" acquired progressively a considerable size a year after the weak- ness of the lower extremities began," and of the other it is said that " the volume of the gastrocnemius increased enormously a few months after the appearance of the paralysis of the lower extremities." Cases 8 and 9 both walked late and imperfectly. In one there existed very evident increase in the size of the calves at 4, and in the other at about 3 years of age. The former, however, lived to be 13 years old, and the latter was well enough to go to school till he was 10, so that it is not unlikely that the enlargement, described in one case as being very evident at the age of 4, may have been of slow growth, and its commencement, therefore, ccetaneous with the loss of power. In Case 10, there was muscular weakness from infancy, while the apparent hypertrophy is said not to have shown itself till the child had reached the age of 6 years ; and in Case 1I, evidently in a very advanced stage of the disease,

* Medical Times, April 2, 1870.

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1871.] With Apparent Hypertrophy of the Muscles. 169 information on this point is wanting. I shall presently refer to an in- stance in which there was loss of power, and hardening of the muscles, from hypertrophy of their connective-tissue, without enlargement.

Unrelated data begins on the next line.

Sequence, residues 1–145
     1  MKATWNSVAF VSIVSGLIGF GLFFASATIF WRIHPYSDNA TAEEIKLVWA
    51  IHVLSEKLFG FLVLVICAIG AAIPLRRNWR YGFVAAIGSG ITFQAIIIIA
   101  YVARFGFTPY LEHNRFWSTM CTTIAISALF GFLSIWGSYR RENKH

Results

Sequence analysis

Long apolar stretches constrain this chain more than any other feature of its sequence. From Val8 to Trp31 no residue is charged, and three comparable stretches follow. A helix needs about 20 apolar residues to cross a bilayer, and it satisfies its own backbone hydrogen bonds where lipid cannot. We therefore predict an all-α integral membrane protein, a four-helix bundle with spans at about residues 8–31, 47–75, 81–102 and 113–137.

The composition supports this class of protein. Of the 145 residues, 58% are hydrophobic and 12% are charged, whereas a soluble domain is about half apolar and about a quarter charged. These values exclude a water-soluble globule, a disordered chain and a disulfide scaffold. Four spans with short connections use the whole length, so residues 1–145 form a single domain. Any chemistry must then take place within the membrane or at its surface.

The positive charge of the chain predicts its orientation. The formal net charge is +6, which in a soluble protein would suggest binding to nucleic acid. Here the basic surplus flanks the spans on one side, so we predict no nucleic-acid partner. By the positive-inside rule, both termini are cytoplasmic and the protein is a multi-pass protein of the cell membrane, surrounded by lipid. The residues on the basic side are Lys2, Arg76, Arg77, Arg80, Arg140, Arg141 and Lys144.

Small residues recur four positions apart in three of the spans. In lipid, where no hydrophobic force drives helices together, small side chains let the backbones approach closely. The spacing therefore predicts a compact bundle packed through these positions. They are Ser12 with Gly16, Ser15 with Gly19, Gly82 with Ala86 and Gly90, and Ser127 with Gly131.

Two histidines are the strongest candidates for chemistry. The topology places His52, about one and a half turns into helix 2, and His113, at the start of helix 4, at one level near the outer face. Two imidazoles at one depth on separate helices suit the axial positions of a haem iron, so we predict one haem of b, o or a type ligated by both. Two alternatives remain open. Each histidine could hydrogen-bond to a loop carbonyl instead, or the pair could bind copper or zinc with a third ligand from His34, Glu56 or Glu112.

I pass now to consider in what tissue or tissues it is probable that the disease originates. Is it essentially an affection of the nervous system, the structural changes in the muscles being secondary in point of time and importance I or are the muscles primarily and exclusively affected I The following considerations if they do not lead to a conclusion, are not without interest in connection with this matter :

1. Histological changes in the muscles are present in all cases, while in the autopsies that have been hitherto made, no disease has been detected in the nervous system. In estimating the value of the latter circumstance, we must remember the difficulty which attends microscopic examinations of the nervous system, and the fact that only a few post mortems have been made.

2. The sphincters appear to escape, and this even when, as in Case 4, nearly every visible voluntary muscle is attacked.

3. The general sensibility and special senses are not usually affected.